Animal Magnetism

October 2, 2012

By Amy Zurcher


Cartoon action words are the only accurate way to convey my overly-and-ever-so-dramatic reaction to one of JenMarie Zeleznak’s new works “I Have a Feeling, That You’re Feeling Less These Days.” It is this kind of feeling that is almost but not quite a doubled-over-at-the-waist-and-catching-my-breath-moment (I am admittedly given to drama, I think I mentioned that previously?). In short, Zeleznak’s work just flat out slays me in the way a superhero cartoon character might slay a supervillain. And trust me, I am not alone. At the gallery I work in (shopSCAD) we have been steadily selling her paintings for a few years now. We even sold a few to a visiting celeb you might know by the name of Ty Pennington. Ring any bells (move any buses, perhaps, would be more appropriate)?

JenMarie’s heart wrenching titles are the perfect complement to the haunting images she creates of animals that you can either swear up and down are fully alive-yes, I see it!-and actively sprinting through the air, or wait, are totally and completely dead and what we are seeing is but a hauntingly beautiful  rigor mortis creeping in. Some of her most memorable titles that stick with me are “Forget the Broken-Backed Stretch Across a Sharp Pang You’ve Never Experienced,” “I Fade From Myself and Miss You Again,” “Our Lips Searching For Answers to Questions Unasked” and “My Heart Whispers in Forms Rendered Useless.” (Morbidly magnetic, no?)

“Forget the Broken-Backed Stretch Across a Sharp Pang You’ve Never Experienced”

JenMarie devotes a near equivalent amount of effort into titling her pieces, saying that, “To me, the titles are just as important as the work. They add to the work, and the work adds to the words. I could never imagine titling something “Untitled” or “Deer No. 1.” Take, for example, this 90’s screamo band named Saetia. I could never hear a word they said in their music but I liked it. One day I looked up their lyrics to see what the heck they were saying, and I was shocked to find these delicate and emotional lyrics from such a seemingly violent band. I sometimes use fragments of their lyrics – sometimes taking parts and mixing them with other parts to form something new. There is just something about the power and emotion that I connect with on such a deep level.”

Her subjects, so far as I can tell, are almost exclusively animals. Understand before I say this next bit, I say it with a big heart of my own for all kinds of furry friends, but JenMarie shows an almost incomprehensible love for ALL animals, even ones such as a rat, that we are—either subconsciously or consciously—taught early on to despise are among her subjects in paintings and part the family-like brood she has at home. Just last night I received an email she had written from the animal hospital preoccupied, as any mother would be, over their sick child, which happened to be her pet rat, Peyton.  Even if the mere mention of “rats” puts you off and you think I have nothing, NOTHING more to read here- I hate rats and I will not read about them– please plod on with me. It is a true testament to an artist’s talents when she is able to transport us, to transcend the typically perceived ugly or mundane to ethereal beauty, to put our prejudices aside maybe just briefly to see through someone else’s eyes.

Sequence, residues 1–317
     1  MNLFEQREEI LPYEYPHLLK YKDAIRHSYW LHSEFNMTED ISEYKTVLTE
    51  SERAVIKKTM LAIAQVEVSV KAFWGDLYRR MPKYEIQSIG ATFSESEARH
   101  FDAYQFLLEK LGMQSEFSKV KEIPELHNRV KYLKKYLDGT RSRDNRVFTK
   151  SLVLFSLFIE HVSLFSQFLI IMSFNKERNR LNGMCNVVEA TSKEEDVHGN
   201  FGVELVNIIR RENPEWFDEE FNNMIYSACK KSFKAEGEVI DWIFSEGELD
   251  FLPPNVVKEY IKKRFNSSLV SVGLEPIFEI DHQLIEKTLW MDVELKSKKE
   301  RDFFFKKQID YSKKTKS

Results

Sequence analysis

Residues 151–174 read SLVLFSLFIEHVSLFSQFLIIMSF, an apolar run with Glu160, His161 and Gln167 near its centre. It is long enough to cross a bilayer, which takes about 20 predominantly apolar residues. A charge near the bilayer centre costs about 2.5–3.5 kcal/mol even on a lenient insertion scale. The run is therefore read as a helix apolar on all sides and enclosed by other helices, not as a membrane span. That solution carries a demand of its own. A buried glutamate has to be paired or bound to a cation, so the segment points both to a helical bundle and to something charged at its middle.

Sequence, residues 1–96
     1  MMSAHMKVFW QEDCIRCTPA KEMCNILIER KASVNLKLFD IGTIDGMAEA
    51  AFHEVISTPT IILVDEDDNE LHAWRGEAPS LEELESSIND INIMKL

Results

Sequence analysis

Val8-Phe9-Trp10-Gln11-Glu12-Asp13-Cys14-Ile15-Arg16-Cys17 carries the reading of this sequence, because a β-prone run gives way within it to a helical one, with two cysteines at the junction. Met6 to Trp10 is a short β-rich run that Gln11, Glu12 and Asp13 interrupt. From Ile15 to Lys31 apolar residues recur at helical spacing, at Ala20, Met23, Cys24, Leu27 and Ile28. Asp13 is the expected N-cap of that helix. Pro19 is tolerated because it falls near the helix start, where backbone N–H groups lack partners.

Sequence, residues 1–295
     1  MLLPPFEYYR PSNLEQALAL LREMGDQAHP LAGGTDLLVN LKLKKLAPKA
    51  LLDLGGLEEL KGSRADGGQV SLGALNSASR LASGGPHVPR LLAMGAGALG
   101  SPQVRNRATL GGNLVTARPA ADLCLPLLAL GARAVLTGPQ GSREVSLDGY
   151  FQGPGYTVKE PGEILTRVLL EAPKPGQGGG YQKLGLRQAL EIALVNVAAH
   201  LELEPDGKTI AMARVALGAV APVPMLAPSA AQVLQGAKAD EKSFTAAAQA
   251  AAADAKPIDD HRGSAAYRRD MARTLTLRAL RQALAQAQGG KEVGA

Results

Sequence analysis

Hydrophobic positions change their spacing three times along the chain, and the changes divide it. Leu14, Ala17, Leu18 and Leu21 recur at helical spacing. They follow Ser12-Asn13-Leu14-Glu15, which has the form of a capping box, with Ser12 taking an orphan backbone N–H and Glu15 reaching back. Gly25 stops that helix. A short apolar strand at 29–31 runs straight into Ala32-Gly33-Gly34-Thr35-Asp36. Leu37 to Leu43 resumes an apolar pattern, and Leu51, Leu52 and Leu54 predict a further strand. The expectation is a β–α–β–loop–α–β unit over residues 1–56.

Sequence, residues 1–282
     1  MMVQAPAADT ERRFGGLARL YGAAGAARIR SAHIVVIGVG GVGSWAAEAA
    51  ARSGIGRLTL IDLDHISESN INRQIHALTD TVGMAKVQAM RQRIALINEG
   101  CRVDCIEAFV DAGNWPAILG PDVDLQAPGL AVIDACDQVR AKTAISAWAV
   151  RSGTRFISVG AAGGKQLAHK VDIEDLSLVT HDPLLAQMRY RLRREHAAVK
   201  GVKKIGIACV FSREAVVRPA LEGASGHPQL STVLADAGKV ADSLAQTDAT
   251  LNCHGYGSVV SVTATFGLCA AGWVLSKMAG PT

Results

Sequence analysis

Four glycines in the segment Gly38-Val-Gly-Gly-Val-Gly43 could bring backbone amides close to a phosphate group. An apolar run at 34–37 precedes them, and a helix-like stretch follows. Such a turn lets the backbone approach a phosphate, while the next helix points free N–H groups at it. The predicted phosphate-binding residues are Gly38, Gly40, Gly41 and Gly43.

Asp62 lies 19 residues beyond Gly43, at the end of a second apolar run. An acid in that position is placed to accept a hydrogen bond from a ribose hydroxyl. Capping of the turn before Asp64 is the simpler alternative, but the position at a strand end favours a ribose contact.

“My Heart Whispers In Forms Rendered Useless, No. 1”

JenMarie does not disappoint and delivers extraordinary detail to each of her skillful paintings.  She describes her process further by saying “I work with watercolor pencils in both a sensitive and crude manner, innately using my saliva, hands and fingers to manipulate the material.  This personal connection, much like caressing or grooming an animal, gives me the intimacy I need in the work as I bring the animal into being. The obsessive mark making, or means of rendering the animal form, mimics the fur while also being emblematic of the depth and complexity of the animal and it’s emotive form.” I admire how she floats her subjects seemingly in mid-air employing a signature background of stark creamy white in order to achieve a separate, distinct portrayal of the animals out of their natural context. This allows for a viewer to connect with the animal on a level untouched by outside influence, but rather through singularity. The animals, whether they be the rabbits above, deer, wolves, possums or even rats, are forced into the foreground by this stark backdrop and seem to be at the ready for inspection: their tufts of soft fur; their long lean limbs, the—imagined?—twitch of a nose and tilt of an ear. The singularity and intricacy of their portrayal, unobstructed by their natural or typical habitat, allows our previous prejudices to slip away into the background, leaving us alone with nothing but the—living? deceased?—creature before us and the questions that prod our innermost depths.

“I’m Sorry, I Wish Things Could Have Been Different”



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